The Five People You Meet In Heaven By Mitch Albom

1354 words - 6 pages

Many Forms of Sacrifice

Sacrifice, as we know it, is something we give up for the sake of a better cause. When we care about something or someone, we willingly and sometimes unknowingly act on selflessness. In the book, The Five People You Meet in Heaven, written by Mitch Albom, the main character, Eddie, dies only to have five encounters that shine a spotlight on his life. In the process of learning why he meets these people, each character also teaches him valuable lessons that help him understand the significance of his life; among the many lessons, one of them is sacrifice.
A sacrifice comes unknowingly. Eddie journeys through a pumpkin-colored sky and then winds up in a yellow sea that changes color. Eddie immediately feels at peace and is no longer in pain. He thinks about the little girl he tries to save on the Pier. Reaching his final destination, he wakes up in a teacup. The setting takes Eddie back to the pier when he was a child. The first person Eddie meets in heaven is Joseph Corvelzchik, also known as the Blue Man. Joseph comes from a poor Polish family, and as a child Joseph often gets nervous and encounters many problems. In hopes to cure his nervousness, he takes a poison that eventually turns him greyish blue. Although Eddie does not know the Blue Man, he is able to make a connection when the Blue Man’s death is revealed to him. As a child, Eddie runs after a ball into the street causing the Blue Man to swerve his car to avoid hitting Eddie. In the process of swerving his car, the Blue Man gets into a car accident. He steps out of the car alive, but because he is in so much shock, he has a heart attack and dies. Eddie astonished and shamed at how he could have caused the accident, apologizes profusely and believes he is there so the Blue Man can punish him. The Blue Man tells Eddie, he has it all wrong and explains that the story of his death is to teach him that all lives are interconnected. His death came as a sacrifice so that Eddie could live. The Blue Man tells Eddie that there are, ‘no random acts,’ and that people die every day so others can survive. “During my time on earth, people died instead of me, too. It happens everyday.” (48). The essential lesson in this chapter is that all people are connected, but it also features sacrifice when the Blue Man dies. Sometimes we don’t recognize the risks and sacrifices of other people because we either: do not know the person, or we are unaware of our surroundings. Unknowingly to the young Eddie, Joseph saves Eddie’s life, at the cost of his life. As the Blue Man begins to take his leave Eddie questions about the survival of the little girl at the pier. The Blue Man replies, “No life is a waste.” (50).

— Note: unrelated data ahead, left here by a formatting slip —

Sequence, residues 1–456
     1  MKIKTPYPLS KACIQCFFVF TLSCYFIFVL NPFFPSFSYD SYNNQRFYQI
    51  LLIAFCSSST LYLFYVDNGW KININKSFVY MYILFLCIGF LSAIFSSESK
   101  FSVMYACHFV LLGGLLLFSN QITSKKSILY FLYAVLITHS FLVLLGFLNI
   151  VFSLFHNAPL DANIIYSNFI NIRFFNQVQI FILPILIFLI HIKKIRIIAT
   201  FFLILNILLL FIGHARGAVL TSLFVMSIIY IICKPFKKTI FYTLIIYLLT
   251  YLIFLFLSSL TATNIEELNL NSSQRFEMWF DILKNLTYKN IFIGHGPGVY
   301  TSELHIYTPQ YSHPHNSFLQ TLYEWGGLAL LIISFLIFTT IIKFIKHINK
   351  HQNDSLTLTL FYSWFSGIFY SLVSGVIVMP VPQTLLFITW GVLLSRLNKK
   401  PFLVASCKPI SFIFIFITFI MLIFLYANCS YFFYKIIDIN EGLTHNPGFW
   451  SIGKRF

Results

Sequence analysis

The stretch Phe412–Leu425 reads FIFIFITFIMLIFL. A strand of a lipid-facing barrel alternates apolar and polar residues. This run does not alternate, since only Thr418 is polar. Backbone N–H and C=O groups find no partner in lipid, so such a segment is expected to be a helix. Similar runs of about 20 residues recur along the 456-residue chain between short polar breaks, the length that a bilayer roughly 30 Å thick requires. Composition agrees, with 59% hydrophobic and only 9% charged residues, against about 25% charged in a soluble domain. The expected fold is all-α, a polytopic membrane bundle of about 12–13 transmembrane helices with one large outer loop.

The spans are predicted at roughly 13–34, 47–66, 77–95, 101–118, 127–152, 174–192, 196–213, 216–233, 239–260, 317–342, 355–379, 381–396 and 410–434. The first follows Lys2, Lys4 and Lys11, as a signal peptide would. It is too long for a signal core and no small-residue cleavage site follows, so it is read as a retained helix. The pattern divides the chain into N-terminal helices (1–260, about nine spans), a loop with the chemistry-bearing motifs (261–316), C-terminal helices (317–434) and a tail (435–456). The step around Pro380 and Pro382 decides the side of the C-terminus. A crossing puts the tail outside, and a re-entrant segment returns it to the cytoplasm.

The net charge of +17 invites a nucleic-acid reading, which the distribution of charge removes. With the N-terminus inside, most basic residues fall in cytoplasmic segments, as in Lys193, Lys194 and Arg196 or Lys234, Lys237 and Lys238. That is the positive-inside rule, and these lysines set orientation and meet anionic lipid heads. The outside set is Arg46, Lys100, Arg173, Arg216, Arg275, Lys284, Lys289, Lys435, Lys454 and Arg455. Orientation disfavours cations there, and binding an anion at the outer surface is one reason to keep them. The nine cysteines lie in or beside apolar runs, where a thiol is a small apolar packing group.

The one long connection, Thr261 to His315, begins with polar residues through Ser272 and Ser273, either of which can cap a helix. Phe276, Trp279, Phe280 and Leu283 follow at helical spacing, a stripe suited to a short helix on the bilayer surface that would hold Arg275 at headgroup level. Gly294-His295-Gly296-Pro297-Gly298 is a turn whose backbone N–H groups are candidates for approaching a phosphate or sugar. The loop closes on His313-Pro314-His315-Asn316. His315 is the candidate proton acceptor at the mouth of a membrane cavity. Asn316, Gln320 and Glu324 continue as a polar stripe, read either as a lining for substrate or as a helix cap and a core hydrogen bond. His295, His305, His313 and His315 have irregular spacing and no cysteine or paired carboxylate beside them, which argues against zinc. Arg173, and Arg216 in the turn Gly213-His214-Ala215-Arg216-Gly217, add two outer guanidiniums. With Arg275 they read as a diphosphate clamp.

Sacrifice is courageous. The second person Eddie encounters is his military commanding officer, whom he served under in the army. The setting takes us to the rubbles of a combat battlefield that signifies the Captain’s death. During a mission assignment in the Philippines,...

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